Google Cloud Platform becomes the first ever cloud provider to offer the next generation Intel Xeon processor, codenamed “Skylake,” available now in five GCP regions including: Western US, Eastern US, Central US, Western Europe and Eastern Asia Pacific.
With Skylake processors, “GCP customers are the first to benefit from the next level of performance,” Google writes.
Those who are not aware, “Skylake includes Intel Advanced Vector Extensions (AVX-512), which doubles the floating-point performance for the heaviest calculations. Thus making it ideal for scientific modeling, genomic research, 3D rendering, data analytics and engineering simulations.”
Google notes, that for the Compute Engine’s family of VMs that include: standard, highmem, highcpu and Custom Machine Types —they’ve optimized Skylake to help bring the next generation of high performance compute instances to everyone.
With the much anticipated public beta of NVIDIA Tesla K80 —GPUs are also now available for Google Compute Engine and Cloud Machine Learning (Cloud ML), enabling customers to spin up NVIDIA GPU-based VMs in three GCP regions: us-east1, asia-east1 and europe-west1, using the gcloud command-line tool.
While support for creating GPU VMs using Cloud Console will appear next week, and enable those need extra computational power to add up to 8 GPUs (4 K80 boards) to any custom GCE VM, providing bare-metal performance.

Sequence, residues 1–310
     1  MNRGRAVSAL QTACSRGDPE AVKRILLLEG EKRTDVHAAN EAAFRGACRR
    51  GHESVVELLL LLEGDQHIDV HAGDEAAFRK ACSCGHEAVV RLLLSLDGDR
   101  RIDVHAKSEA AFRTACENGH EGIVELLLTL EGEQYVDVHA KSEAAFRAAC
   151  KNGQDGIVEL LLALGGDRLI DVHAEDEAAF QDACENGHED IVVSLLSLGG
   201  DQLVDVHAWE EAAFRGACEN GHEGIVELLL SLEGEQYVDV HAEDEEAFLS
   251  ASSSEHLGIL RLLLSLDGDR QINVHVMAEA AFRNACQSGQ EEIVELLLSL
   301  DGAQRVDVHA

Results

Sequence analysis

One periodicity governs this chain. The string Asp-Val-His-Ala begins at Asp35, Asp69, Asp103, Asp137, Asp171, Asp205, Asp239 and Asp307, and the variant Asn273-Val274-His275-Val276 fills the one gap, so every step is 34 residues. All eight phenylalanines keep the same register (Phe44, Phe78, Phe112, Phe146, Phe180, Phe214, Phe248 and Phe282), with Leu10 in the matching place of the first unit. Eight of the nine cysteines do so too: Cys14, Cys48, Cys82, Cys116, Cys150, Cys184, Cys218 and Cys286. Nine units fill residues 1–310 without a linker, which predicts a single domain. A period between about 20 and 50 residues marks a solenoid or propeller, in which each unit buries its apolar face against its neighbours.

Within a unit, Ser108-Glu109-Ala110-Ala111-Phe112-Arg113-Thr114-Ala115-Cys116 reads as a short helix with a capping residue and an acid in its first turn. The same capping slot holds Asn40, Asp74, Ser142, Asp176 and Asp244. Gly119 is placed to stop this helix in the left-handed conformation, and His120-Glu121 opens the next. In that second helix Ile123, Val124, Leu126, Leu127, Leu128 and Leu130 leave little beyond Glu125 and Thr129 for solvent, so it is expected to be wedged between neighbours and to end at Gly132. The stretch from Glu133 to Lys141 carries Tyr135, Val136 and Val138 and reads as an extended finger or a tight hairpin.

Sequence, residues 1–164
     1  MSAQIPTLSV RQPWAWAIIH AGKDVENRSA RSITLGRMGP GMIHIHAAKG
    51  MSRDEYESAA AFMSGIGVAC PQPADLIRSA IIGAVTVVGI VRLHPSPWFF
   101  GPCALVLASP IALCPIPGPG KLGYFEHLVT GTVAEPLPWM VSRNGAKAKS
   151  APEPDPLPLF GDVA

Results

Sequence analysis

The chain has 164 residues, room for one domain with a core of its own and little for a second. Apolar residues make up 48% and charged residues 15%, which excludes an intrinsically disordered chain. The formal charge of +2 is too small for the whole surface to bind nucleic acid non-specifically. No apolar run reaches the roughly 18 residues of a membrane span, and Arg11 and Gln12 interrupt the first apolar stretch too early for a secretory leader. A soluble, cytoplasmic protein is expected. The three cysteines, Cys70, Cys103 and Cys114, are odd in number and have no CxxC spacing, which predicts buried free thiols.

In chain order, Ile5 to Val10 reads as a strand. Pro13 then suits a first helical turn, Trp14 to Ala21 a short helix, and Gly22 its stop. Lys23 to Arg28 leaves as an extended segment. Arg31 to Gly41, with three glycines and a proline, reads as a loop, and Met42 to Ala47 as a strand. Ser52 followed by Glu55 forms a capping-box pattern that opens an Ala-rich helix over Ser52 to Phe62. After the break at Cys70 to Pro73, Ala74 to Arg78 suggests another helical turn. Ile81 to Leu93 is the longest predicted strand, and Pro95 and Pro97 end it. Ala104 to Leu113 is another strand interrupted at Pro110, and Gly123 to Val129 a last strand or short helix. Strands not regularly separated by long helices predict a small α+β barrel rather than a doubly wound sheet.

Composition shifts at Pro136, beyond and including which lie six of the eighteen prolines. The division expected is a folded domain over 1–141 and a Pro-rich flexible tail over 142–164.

“Each NVIDIA GPU in a K80 has 2,496 stream processors with 12 GB of GDDR5 memory. You can shape your instances for optimal performance by flexibly attaching 1, 2, 4 or 8 NVIDIA GPUs to custom machine shapes,” wrties Google.
These instances support popular machine learning and deep learning frameworks such as TensorFlow, Theano, Torch, MXNet and Caffe, as well as NVIDIA’s popular CUDA software for building GPU-accelerated applications.
The GPUs are billed per minute (10 minute minimum), see the pricing chart below:
Google also highlighted three steps to help you secure Elasticsearch on its Cloud Platform (GCP), which is an open source search engine built on top of Lucene that is commonly used for internal site searches and analytics.
“Elasticsearch can be attacked using the following instance: “poisoning the index, exploiting unauthorized API access and exfiltrating sensitive data.” To mitigage these attacks, Google recommends:
- Lock down your access policy. Since, Elasticsearch relies on external access management, thus, as an important step is to lock down the access policy.
- Don’t index sensitive data. Once the access policy is in place, as a best practice “carefully filter out personally identifiable information (PII), cardholder data or other sensitive information to prevent it from leaking.”
- Handle unfiltered content safely. Index poisoning occurs when unfiltered malicious content is ingested by Elasticsearch. If you index user-generated content (UGC), be sure to properly filter it before storing it, explains Google.